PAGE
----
The Five Keys To Reaching Nacho Nirvana
The ideal specimen is medium-thick. Greasy, thin versions–like the ones some restaurants fry in-house–won’t hold up here. I’m into Tostitos Simply Natural chips.
Liquid cheese, the kind that comes in a side compartment at the concession stand, tastes like candle wax. Gruyere? Save it for grilled cheese. I go for a blend of sharp yellow cheddar and Monterey Jack; they melt well and aren’t overpowering.
You want shredded or pulled meat for easy building and eating. Pork is my gold standard–it crisps up nicely but remains juicy under blasts of cheese-melting heat. Try carnitas, or buy pulled pork from a barbecue joint. Omitting the meat is fine, too; just don’t anger the nacho gods with tofu.
As with any dish, balance is paramount. Meat and cheese beg for heat, freshness, and acidity. So I finish with radishes and cilantro and set out jalapeños, salsa, guacamole, and sour cream for garnishing.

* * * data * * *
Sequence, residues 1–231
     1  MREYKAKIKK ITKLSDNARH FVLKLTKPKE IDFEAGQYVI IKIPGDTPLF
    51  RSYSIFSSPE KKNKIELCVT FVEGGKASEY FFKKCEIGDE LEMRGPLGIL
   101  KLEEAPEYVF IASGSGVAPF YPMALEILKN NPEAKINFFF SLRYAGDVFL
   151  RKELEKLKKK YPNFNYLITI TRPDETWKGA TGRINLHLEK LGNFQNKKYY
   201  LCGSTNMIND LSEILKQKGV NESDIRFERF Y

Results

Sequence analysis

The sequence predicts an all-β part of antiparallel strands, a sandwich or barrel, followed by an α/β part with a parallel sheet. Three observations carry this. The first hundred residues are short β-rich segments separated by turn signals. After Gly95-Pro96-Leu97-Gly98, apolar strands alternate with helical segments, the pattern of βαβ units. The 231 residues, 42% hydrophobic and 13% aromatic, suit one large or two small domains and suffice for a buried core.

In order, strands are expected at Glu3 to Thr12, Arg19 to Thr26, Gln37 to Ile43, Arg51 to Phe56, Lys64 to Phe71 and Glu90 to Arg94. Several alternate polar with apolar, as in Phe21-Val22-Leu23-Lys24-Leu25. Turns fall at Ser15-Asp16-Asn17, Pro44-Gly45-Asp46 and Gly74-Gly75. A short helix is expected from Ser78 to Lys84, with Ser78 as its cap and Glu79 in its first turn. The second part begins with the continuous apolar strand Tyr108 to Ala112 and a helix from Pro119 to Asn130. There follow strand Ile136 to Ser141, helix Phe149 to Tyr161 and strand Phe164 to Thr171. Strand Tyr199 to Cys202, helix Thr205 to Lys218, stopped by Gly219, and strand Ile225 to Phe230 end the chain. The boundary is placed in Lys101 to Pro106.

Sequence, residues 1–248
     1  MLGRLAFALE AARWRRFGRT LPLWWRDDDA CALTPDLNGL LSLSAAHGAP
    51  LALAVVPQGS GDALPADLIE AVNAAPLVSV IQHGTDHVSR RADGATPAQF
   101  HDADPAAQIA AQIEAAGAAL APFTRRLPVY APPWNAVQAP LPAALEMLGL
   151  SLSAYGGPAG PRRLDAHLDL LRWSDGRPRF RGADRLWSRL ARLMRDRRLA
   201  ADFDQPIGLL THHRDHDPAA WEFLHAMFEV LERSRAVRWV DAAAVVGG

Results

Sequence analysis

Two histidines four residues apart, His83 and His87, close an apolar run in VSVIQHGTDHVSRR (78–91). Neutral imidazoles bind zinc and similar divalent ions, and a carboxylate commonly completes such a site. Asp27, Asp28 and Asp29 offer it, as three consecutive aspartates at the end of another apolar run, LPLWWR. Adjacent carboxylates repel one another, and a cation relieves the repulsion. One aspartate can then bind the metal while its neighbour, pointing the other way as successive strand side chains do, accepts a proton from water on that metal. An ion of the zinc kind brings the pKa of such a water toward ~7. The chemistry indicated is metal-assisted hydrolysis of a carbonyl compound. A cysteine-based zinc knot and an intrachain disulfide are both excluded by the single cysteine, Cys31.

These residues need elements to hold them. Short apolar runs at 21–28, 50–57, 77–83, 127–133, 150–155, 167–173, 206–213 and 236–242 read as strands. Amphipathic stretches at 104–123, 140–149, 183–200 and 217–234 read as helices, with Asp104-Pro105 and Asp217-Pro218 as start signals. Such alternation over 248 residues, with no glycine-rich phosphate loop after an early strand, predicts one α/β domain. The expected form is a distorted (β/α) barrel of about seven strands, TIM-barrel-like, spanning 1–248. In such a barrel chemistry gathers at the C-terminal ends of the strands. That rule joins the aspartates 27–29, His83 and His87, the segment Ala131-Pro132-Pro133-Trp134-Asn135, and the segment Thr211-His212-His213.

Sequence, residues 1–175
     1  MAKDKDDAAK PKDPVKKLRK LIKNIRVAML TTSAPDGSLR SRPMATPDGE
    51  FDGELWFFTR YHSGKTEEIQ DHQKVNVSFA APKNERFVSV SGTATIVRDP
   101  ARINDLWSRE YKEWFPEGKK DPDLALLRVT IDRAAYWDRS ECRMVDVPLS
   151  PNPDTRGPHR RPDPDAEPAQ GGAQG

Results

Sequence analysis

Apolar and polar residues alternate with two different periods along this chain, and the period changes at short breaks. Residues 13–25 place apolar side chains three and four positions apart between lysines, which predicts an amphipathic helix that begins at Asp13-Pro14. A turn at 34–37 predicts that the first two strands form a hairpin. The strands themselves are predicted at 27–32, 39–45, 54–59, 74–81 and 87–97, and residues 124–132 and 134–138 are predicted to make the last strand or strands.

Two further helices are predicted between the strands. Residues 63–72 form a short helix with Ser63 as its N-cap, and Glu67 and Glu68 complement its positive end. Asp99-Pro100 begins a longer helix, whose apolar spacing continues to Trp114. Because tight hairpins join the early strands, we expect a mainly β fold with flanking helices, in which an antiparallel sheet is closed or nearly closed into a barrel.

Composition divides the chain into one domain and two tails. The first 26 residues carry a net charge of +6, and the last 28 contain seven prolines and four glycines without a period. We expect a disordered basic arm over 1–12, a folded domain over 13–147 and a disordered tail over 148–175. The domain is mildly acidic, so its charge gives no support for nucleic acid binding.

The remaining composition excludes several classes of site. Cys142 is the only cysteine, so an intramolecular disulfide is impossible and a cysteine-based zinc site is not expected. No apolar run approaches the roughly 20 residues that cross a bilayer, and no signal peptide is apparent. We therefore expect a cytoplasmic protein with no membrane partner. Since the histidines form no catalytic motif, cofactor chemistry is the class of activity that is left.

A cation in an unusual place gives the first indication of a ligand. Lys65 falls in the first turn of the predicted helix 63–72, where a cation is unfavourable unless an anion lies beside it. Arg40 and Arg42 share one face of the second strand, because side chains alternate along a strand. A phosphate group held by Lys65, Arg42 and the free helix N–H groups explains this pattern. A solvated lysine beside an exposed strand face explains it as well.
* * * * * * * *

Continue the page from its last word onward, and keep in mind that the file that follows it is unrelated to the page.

Nachos leave room for personal preferences (switch up the fixings, use a different chip), but proper assembly is nonnegotiable. Start with a baking sheet: You need surface area, plus it makes a statement to present a tray of nachos that generous. Spread out a layer of chips, followed by an even distribution of meat and beans, then lots–I mean lots–of cheese. Complete coverage guarantees you don’t commit the cardinal sin of nacho making: the sad chip with no topping. Repeat until you have an impressive tray a few layers high, then bake. Pour yourself a Margarita, let guests yank out a cheesy chipful, and watch them go nuts.
What are your favourite Nacho toppings?